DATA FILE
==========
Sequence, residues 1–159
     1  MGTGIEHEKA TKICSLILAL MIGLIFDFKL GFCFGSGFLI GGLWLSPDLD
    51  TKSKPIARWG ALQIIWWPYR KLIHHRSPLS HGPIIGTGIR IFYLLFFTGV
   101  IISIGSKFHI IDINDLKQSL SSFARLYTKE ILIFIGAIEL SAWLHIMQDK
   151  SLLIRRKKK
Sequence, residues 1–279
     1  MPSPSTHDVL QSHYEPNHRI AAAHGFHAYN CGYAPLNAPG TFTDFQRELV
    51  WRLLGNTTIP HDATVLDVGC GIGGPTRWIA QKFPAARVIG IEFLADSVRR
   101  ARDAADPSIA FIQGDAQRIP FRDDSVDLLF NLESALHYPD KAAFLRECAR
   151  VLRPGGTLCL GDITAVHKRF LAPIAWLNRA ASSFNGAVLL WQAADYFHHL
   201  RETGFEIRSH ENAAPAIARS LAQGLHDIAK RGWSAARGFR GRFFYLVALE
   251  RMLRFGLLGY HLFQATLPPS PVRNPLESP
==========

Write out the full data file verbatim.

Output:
Sequence, residues 1–159
     1  MGTGIEHEKA TKICSLILAL MIGLIFDFKL GFCFGSGFLI GGLWLSPDLD
    51  TKSKPIARWG ALQIIWWPYR KLIHHRSPLS HGPIIGTGIR IFYLLFFTGV
   101  IISIGSKFHI IDINDLKQSL SSFARLYTKE ILIFIGAIEL SAWLHIMQDK
   151  SLLIRRKKK
Sequence, residues 1–279
     1  MPSPSTHDVL QSHYEPNHRI AAAHGFHAYN CGYAPLNAPG TFTDFQRELV
    51  WRLLGNTTIP HDATVLDVGC GIGGPTRWIA QKFPAARVIG IEFLADSVRR
   101  ARDAADPSIA FIQGDAQRIP FRDDSVDLLF NLESALHYPD KAAFLRECAR
   151  VLRPGGTLCL GDITAVHKRF LAPIAWLNRA ASSFNGAVLL WQAADYFHHL
   201  RETGFEIRSH ENAAPAIARS LAQGLHDIAK RGWSAARGFR GRFFYLVALE
   251  RMLRFGLLGY HLFQATLPPS PVRNPLESP